We hear a lot of cries to ‘take our country back’, to ‘give us our rights as a legitimate minority’ and to ‘free us from a foreign oppressor’. The first is probably more common today rising from the ardent nationalists, the second from specific demographic groups such as religious or ethnic. The last is less common as the era of colonialism has begun to evaporate into the mists of history; although it could be argued that economic colonialism is still a potent force.
But ‘Secede’? This implies not only a strategy of an oppressed minority but of an area that is geographically distinct and relatively homogeneous ethnically and culturally. In ‘The Girl from Ipanema’ we find the US fractured into a number of distinct, small republics. Most prominent in the story are the new Confederate States of America, the Republics of New York and Venice and the Rocky Mountain Republic.
Today there are fewer examples of calls for secession. Of course the most famous and infamous historically was the War between the States, or Civil War, in the US in the 1860s. Now we hear faint cries from Texas and California. An odd couple if ever there was one! Scotland of course is likely the most prominent of all contemporary examples. It did happen in the Sudan but with, so far, disastrous consequences.
In the past the Basque region comes to mind as does the separation of Ireland from Britain. Some are relatively peaceful as with Czechoslovakia, but that may be rare. And then there is Quebec.
Je me souviens/ Que né sous le lys/ Je croîs sous la rose.
I remember/ That born under the lily/ I grow under the rose.
These lines are from a poem by E.E. Tache’. The literal significance is clear. The province, born under the ‘fleur de lis’ of France grew under the ‘rose’ of England. But its meaning seems to hold more emotional and historical relevance. It may be argued it calls on the Quebecois to remember not only their cultural heritage but also their inferior status under an Anglo majority.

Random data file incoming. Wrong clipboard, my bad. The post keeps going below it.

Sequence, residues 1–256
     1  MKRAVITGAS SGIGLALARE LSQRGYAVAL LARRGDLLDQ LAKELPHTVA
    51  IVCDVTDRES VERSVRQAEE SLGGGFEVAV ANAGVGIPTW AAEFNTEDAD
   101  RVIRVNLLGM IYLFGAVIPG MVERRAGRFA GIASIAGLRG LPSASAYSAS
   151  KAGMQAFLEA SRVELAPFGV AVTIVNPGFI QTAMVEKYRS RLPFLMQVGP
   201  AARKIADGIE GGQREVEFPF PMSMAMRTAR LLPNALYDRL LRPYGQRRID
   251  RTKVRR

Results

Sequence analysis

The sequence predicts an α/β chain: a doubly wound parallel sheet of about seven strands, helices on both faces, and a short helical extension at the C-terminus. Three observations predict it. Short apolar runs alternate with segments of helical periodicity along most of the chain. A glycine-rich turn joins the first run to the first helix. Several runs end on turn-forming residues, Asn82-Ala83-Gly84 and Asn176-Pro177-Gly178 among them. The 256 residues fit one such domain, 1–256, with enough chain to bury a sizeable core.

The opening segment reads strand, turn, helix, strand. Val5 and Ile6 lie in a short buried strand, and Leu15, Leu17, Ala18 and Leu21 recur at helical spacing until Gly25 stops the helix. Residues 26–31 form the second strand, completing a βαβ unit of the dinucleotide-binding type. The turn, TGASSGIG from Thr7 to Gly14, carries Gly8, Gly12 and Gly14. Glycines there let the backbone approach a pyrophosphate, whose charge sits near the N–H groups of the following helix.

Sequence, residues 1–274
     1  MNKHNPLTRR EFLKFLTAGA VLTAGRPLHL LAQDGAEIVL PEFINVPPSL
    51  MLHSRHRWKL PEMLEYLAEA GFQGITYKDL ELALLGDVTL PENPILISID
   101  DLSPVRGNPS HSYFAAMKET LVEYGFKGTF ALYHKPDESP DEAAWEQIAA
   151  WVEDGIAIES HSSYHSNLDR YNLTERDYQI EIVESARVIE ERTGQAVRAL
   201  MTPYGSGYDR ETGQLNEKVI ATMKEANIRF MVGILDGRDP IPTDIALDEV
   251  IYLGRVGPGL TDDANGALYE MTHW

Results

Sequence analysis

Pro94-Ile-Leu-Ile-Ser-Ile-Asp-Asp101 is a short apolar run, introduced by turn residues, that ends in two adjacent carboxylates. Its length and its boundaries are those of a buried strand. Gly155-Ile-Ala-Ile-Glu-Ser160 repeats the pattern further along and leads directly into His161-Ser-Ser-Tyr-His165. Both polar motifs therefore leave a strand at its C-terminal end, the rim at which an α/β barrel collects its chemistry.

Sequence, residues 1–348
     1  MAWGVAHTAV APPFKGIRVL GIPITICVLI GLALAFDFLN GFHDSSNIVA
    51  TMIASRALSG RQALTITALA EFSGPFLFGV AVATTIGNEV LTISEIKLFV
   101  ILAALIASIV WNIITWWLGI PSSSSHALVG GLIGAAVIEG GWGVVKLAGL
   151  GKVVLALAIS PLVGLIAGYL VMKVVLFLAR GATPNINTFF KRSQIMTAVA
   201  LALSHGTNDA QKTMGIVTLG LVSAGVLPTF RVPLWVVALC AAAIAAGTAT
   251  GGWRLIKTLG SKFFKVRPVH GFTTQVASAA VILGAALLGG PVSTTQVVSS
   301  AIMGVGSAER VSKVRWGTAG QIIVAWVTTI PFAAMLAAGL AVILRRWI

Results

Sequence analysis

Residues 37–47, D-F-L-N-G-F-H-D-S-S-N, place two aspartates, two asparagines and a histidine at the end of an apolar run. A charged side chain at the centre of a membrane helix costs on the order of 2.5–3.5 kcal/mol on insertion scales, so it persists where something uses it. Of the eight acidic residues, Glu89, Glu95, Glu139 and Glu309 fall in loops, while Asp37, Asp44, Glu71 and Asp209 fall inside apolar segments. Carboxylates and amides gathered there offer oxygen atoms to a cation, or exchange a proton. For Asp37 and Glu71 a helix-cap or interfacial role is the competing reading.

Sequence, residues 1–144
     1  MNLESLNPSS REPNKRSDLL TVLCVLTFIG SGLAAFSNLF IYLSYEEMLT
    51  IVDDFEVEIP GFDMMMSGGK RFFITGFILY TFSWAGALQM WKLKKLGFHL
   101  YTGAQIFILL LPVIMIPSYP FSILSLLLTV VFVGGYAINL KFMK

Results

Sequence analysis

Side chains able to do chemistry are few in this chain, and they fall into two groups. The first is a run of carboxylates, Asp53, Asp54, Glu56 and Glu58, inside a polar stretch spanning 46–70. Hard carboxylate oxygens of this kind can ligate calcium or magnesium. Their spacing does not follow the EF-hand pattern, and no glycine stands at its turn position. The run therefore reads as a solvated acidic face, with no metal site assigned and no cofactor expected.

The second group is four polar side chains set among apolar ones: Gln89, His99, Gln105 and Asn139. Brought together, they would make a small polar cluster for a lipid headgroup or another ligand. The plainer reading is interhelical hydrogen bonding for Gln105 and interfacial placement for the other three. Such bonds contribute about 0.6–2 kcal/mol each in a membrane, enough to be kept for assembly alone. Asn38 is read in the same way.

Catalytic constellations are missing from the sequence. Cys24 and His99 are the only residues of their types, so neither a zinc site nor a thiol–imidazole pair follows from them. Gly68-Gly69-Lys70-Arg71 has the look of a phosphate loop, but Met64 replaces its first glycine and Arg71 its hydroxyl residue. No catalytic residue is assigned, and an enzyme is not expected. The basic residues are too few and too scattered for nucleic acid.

Linda and I just returned from a trip to the city of Quebec with 50 odd of my college classmates and their spouses. First let me say that it is without a doubt one of the most lovely old cities we’ve ever visited. Not only that but the people are gracious and friendly and unabashedly enthusiastic about their province. Remarkable since temperatures can range from -40 C/F in the winter to over 100 F in the summer with humidity of 98%!
While there appears to be no strong push at the moment to break away from Canada, there are a few interesting facts I’d like to share from our trip. First, technically, Quebec might not actually have to secede. It was never included in the Canadian constitutional proclamation issued by Queen Elizabeth II in 1982. Interestingly though, Quebec is still part of the commonwealth system and so tied to the UK.
So where does this all leave us? We have our own serious problems in the US now. I wrote about this in a Blog in 2018, The National Marriage: Red and Blue. The US has had major cultural differences and disagreements about the role of a central government since the founding. For those that take the time to read my old blog and are interested in a more thorough treatment of that subject I would suggest reading Pauline Maier’s brilliant ‘Ratification‘. Our ‘experiment’ was, though ratified 13-0, a very close run thing. Maier’s book makes this clear. The question is: do we break up, ‘divorce’, or muddle through and hope that history will ultimately unfold favorably. The Quebecois seem to be ‘muddling through’ quite well. But I’d like to hear from some of them.